Retirement lending regulation likely to change

Sarah Davidson

January 25, 2016

Mortgage regulation is likely to change following two landmark decisions from the Financial Ombudsman Service forcing lenders to extend interest-only terms indefinitely for retired borrowers.

Building Societies Association chief executive Robin Fieth revealed he has been in conversations with the regulator about how to amend mortgage regulation following the two cases.

He said: “We are constructively engaged with the Financial Conduct Authority and its work on the ageing population project which is now underway.

“We want to work hand-in-hand with the regulator to achieve good outcomes for borrowers. That means where regulation needs to change in relation to advice, we are in discussion with the FCA.”

The FCA declined to confirm whether it planned to introduce changes to the Mortgage Market Review preventing lenders from extending interest-only mortgage terms for the lifetime of the borrower unless they could prove a repayment vehicle.

But in a statement the FCA said that its “work on ageing population is progressing and we plan to launch a discussion paper in the coming months”.

In December FOS published two case studies of borrowers who had their complaints upheld because their lenders had given them an interest-only mortgage allowing the sale of the property as the intended repayment vehicle.

In one case the borrower took an interest-only mortgage on a 25-year term in his early 70s and complained that he thought he had a lifetime mortgage.

Now in his 80s he was worried he would be forced to sell his home in his late 90s when his term ran out.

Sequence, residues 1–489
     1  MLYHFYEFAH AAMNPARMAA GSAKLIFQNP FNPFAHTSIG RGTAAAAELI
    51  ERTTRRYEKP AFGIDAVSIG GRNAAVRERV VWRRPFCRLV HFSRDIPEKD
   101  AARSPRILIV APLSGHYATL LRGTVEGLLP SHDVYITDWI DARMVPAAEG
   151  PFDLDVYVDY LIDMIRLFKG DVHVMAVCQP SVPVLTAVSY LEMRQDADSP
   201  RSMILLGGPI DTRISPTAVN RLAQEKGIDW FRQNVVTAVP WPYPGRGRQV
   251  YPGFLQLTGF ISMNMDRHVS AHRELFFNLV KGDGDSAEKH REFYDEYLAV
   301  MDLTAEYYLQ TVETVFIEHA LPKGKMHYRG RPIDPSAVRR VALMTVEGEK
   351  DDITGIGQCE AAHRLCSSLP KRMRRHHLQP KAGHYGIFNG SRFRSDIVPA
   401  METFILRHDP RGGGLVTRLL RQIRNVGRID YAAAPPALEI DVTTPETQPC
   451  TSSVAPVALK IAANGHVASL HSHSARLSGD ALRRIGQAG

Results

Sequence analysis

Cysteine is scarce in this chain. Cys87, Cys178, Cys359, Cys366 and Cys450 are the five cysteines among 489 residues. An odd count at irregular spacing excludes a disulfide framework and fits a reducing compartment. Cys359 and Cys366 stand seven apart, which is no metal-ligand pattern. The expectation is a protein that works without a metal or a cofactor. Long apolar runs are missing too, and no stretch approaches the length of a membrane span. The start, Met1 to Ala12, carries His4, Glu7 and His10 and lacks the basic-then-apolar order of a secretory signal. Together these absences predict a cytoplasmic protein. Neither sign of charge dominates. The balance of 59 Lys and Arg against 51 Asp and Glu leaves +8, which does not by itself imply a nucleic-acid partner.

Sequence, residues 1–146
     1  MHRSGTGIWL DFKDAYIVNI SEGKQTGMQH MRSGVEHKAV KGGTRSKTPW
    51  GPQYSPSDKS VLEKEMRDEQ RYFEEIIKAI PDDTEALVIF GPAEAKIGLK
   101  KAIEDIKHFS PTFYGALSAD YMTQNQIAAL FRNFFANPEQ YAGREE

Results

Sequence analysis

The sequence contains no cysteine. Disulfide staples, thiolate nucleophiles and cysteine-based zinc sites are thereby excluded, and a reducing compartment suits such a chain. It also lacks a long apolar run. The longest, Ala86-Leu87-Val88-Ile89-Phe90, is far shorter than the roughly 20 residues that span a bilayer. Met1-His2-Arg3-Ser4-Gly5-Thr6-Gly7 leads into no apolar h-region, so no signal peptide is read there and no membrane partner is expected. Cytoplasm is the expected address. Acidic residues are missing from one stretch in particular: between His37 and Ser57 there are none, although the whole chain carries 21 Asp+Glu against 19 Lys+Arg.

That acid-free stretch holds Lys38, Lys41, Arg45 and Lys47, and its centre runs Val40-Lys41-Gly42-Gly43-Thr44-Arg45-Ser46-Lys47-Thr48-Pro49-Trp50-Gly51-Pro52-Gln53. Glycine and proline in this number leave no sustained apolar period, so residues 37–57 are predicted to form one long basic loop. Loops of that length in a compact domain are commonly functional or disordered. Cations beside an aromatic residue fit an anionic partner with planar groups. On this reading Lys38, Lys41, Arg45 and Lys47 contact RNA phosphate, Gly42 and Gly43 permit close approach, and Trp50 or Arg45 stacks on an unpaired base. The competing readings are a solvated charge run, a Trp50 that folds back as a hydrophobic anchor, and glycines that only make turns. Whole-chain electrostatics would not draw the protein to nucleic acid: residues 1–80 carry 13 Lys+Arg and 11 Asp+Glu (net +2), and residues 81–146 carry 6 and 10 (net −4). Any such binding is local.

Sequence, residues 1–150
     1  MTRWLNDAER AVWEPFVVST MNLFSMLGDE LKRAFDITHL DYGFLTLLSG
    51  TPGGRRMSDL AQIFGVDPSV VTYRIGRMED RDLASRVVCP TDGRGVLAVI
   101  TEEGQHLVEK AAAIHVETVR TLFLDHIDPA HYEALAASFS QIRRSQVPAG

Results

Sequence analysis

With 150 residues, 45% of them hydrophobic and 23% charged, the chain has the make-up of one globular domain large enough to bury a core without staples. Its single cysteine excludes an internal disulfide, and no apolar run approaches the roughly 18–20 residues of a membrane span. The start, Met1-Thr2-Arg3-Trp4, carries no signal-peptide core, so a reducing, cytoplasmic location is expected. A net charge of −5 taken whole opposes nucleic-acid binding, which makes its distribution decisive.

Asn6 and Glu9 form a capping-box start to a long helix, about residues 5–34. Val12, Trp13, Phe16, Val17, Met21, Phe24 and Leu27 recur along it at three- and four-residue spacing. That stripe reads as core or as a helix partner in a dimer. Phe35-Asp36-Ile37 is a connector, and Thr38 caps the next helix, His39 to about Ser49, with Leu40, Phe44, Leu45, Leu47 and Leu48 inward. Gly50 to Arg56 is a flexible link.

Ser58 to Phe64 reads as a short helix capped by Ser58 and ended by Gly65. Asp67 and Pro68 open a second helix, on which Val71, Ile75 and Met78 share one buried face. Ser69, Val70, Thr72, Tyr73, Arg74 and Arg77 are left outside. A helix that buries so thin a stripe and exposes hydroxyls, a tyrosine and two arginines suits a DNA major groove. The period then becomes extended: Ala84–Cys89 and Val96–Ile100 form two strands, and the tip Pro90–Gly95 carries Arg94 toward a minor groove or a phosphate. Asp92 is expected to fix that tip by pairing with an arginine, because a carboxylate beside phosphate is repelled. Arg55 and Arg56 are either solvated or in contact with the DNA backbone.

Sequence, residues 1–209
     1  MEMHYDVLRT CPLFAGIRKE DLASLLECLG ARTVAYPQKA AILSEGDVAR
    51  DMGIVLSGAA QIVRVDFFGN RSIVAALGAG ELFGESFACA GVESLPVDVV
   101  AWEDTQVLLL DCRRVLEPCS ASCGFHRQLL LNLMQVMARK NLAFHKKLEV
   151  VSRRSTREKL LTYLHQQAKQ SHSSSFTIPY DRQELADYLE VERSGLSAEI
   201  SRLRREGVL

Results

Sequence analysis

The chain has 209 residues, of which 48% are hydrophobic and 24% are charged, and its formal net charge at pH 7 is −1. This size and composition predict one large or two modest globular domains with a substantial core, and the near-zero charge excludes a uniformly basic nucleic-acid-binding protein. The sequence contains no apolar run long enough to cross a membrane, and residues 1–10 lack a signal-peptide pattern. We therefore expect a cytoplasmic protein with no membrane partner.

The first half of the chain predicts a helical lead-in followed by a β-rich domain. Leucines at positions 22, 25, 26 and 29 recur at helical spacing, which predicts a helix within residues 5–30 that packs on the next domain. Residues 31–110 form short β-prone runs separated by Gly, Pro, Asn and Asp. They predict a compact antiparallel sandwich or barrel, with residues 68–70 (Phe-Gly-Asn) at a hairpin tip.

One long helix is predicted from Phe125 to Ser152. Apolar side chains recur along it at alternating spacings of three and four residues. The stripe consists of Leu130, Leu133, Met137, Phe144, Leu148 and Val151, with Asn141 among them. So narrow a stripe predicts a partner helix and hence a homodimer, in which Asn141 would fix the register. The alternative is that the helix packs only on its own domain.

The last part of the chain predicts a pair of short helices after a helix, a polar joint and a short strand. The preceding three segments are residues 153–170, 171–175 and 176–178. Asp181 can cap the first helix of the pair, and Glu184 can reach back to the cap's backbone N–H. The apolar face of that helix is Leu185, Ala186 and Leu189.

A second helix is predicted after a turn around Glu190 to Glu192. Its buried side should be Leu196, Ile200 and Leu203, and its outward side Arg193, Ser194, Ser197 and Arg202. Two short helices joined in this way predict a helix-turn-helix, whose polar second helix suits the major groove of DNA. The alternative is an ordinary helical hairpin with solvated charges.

FOS upheld the complaint and ordered the lender to change the mortgage to one with no set end date which would allow the capital to be repaid on the borrower’s death.

FOS also recommended the term of an interest-only mortgage be extended “indefinitely” and be repaid upon death for a widow in her 80s who complained after being told by her lender arrangements would have to be made to sell the house if she could not repay the capital at the end of her original term.

FOS said at the time: “We pointed out to the mortgage company that they’d already agreed to lend money to Mr and Mrs R into their 80s – knowing there was no repayment vehicle in place. In our view, Mrs R was in her current position because of their previous lending decision.

“We didn’t think it was fair to now simply say she was too old – and force her to sell her home.”

Fieth said: “The question has to be that in order to meet customers’ needs and provide good outcomes lenders need FOS to tell them to break FCA regulation.

“We are in discussions with the regulator now to amend that regulation.”

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